Organic Foods: Fresh Thinking

Organic regulations took effect in 2002. ‘Organic’ produce is grown without pesticides or synthetic fertilizers. Organic farmers instead use compost to enrich the soil and beneficial insects to kill plant-destroying pests. To use the term organic on their labels, growers must be certified under federal rules.   In general, farmer’s markets and community-supported agricultural programs (CSA’s or produce subscriptions purchased directly from the farms) are closest to the original organic ideal. 

 

Pesticide-free has no current legal definition, but it may signify an operation that’s in the three year transition to organic status, or one that functions organically but chooses not to be certified. Because organic certification is costly, some farmers don’t bother, even though they practice organic methods. Sustainable generally refers to farming in ways that build the soil, instead of depleting it, and don’t cause pollution. 

 

The U.S. Department of Agriculture (USDA) says organic is cleaner but points out that “measured residues on most products, both organic and non-organic, do not exceed government thresholds for safe consumption.” Organic is still more expensive than conventional produce, for the most part because many of the farms are small and the farming methods are labor-intensive. If you have limited dollars to spend, devote them to the EWG’s “dirty dozen” (see below). You can also save by buying conventional varieties of the “clean 15” (see below, and these lists are available at foodnews.org/walletguide.php and can be downloaded as an iPhone application).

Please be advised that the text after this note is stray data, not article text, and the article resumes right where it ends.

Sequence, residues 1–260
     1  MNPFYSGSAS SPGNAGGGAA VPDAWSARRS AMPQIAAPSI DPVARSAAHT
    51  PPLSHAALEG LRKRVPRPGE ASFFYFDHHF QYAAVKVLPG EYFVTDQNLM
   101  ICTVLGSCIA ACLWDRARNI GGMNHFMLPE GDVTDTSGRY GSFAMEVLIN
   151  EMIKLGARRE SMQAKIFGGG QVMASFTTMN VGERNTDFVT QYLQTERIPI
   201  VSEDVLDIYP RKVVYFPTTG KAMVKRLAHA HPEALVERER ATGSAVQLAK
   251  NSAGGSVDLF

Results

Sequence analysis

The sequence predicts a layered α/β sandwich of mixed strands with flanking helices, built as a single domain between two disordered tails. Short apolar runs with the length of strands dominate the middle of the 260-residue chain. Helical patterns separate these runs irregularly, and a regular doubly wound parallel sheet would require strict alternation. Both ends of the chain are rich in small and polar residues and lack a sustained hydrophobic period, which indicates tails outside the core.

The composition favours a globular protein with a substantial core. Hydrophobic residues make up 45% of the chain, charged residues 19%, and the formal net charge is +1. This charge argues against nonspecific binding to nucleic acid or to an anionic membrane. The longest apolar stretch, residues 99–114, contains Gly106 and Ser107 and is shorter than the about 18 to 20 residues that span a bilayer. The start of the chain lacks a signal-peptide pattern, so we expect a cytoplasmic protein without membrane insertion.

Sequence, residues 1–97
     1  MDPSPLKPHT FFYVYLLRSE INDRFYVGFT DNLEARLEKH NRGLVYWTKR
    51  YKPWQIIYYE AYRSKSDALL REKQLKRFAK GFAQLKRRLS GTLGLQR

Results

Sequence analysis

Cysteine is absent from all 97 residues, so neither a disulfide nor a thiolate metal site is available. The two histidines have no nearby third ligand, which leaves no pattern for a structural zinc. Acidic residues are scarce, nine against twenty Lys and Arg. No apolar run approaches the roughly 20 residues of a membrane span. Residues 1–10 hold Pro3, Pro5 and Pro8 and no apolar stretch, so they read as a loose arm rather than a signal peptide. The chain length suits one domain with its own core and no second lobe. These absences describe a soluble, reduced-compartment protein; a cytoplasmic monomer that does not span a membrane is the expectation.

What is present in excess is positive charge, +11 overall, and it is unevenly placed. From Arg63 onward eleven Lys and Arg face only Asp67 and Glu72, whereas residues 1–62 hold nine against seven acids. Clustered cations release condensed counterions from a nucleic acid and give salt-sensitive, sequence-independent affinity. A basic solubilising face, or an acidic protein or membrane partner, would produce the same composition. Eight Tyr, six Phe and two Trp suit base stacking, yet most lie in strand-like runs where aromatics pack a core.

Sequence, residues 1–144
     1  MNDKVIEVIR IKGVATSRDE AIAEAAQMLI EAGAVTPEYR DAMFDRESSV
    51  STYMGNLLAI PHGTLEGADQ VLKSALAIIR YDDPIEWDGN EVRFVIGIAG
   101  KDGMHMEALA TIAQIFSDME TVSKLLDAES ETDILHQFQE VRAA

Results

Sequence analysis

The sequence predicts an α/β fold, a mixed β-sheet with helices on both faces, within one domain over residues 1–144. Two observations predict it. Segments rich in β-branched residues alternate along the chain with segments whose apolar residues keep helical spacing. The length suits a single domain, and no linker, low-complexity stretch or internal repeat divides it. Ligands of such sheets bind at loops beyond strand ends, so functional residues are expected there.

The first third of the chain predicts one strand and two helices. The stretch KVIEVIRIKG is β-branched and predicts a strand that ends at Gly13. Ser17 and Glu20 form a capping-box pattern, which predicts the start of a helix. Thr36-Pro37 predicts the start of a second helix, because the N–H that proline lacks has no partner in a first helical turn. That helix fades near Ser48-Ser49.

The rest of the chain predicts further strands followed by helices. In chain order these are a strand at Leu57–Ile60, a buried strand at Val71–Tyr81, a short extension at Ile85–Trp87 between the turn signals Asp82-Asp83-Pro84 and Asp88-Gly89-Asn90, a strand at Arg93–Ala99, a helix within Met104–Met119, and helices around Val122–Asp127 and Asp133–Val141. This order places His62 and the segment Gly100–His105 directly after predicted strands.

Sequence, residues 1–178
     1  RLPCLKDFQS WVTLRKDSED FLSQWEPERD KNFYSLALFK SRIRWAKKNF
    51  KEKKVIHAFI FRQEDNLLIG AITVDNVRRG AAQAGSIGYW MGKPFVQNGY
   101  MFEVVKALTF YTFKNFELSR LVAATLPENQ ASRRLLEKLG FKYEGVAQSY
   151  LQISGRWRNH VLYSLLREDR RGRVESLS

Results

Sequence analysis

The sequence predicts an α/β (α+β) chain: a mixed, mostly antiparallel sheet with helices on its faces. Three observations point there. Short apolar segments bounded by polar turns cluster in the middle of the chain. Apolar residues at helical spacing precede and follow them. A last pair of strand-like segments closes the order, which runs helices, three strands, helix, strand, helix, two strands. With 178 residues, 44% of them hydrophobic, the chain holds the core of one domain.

Organic is better for the environment because by definition, buying organic means fewer chemicals on the land and in the water and air.   Whether organic produce is more nutritious than conventional remains in dispute, with scientific studies backing both points of view.

 

Source: Carol Ness

 

The Clean 15

If you choose to purchase conventional produce, choose the fruits and vegetables with the lowest amount of pesticide residue. This group includes: onions, avocado, corn, pineapples, mangoes, asparagus, sweet peas, kiwifruits, cabbages, eggplants, papayas, watermelons, broccoli, tomatoes, sweet potatoes

 

The Dirty Dozen

For these varieties, it may be worth seeking out the organics. These fruits and vegetables contain the most pesticide residue: peaches, apples, bell peppers, celery, nectarines, strawberries, cherries, kale, lettuce, imported grapes, carrots, pears

 

Source (lists of fruits and vegetables): The Environmental Working Group